This research addresses how younger and older adults’ decisions and evaluations of gains and losses are affected by the way in which monetary incentives are provided. We compared 2 common incentive schemes in decision making: pay one (only a single decision is incentivized) and pay all (incentives across all decisions are accumulated).
Younger adults (18–36 years; n = 147) and older adults (60–89 years; n = 139) participated in either a pay-one or pay-all condition and made binary choices between two-outcome monetary lotteries in gain, loss, and mixed domains. We analyzed participants’ decision quality, risk taking, and psychometric test scores. Computational modeling of cumulative prospect theory served to measure sensitivity to outcomes and probabilities, loss aversion, and choice sensitivity.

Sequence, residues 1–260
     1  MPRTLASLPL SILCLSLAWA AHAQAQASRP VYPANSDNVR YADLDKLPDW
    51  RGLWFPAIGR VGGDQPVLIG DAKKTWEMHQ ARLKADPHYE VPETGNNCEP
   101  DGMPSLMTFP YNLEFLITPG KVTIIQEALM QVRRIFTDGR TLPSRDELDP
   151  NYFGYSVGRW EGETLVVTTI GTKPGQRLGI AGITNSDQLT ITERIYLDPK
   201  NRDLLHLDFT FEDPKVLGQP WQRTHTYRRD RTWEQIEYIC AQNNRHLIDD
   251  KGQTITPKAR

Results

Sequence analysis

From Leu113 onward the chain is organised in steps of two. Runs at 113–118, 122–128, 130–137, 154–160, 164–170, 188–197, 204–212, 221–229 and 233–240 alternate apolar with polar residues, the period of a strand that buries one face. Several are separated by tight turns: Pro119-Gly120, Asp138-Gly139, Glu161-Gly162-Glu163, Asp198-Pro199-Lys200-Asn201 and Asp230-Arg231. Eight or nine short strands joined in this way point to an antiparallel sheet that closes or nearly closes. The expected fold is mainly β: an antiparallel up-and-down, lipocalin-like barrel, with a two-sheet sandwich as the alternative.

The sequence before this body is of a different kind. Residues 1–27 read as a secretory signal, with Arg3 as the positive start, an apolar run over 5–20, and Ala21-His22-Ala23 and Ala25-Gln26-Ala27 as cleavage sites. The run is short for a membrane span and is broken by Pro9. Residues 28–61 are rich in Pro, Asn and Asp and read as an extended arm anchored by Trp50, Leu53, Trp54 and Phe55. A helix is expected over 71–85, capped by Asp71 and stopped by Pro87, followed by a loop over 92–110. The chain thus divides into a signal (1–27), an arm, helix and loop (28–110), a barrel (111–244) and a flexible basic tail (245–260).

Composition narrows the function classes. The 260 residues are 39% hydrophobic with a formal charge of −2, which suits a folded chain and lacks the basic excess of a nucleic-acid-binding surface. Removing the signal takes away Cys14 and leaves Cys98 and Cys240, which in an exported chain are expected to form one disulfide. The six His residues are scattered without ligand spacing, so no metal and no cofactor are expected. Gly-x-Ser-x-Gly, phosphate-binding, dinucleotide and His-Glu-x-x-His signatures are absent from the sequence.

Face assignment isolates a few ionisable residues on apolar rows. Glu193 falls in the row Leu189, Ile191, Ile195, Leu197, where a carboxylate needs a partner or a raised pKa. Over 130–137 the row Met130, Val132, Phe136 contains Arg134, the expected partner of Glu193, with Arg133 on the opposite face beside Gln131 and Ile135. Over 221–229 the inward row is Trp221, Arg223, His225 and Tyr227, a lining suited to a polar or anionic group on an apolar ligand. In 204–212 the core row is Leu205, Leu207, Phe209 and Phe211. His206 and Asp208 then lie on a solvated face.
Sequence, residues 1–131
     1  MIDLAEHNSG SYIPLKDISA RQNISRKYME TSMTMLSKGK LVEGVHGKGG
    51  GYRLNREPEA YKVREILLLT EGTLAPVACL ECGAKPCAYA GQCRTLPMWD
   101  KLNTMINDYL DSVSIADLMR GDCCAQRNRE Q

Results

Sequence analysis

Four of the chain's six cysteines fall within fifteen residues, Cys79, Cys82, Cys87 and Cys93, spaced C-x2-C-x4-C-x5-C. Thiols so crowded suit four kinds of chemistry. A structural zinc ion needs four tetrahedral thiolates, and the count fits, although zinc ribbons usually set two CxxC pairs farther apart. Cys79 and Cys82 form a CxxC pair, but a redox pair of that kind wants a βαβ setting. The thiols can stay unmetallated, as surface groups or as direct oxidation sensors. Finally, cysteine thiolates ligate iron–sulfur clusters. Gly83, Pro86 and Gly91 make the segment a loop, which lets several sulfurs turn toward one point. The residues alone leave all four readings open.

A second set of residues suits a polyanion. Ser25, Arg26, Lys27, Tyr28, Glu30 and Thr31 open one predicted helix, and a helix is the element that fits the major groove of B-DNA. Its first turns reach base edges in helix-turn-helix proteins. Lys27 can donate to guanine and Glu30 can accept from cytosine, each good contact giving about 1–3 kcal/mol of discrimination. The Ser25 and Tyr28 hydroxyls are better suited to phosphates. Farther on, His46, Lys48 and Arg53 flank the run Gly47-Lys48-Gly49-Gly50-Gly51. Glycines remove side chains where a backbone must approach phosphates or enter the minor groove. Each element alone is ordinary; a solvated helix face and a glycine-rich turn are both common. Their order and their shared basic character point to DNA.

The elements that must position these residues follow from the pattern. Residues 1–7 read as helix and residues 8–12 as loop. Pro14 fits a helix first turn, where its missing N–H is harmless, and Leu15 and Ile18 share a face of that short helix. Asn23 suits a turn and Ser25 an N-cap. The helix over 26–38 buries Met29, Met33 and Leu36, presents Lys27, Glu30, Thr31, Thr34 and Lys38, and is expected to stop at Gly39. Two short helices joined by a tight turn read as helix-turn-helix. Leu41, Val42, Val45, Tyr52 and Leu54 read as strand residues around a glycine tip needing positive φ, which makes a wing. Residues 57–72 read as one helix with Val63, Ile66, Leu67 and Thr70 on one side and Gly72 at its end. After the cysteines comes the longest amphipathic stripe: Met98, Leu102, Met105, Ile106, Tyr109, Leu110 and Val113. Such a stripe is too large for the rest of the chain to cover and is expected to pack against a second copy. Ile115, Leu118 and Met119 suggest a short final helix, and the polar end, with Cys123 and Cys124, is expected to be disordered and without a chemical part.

Decision quality and risk aversion were higher in the gain than mixed or loss domain, but unaffected by age. Loss aversion was higher, and choice sensitivity was lower in older than younger adults. In the pay-one condition, the value functions were more strongly curved, and choice sensitivity was higher than in the pay-all condition.
An opportunity of accumulating incentives has similar portfolio effects on younger and older adults’ decisions. In general, people appear to decide less cautiously in pay-all than pay-one scenarios. The impact of different incentive schemes should be carefully considered in aging and decision research.
- NSF-PAR ID:
- Publisher / Repository:
- Oxford University Press
- Date Published:
- Journal Name:
- The Journals of Gerontology: Series B
- Medium: X
- Sponsoring Org:
- National Science Foundation
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Abstract Study Objectives
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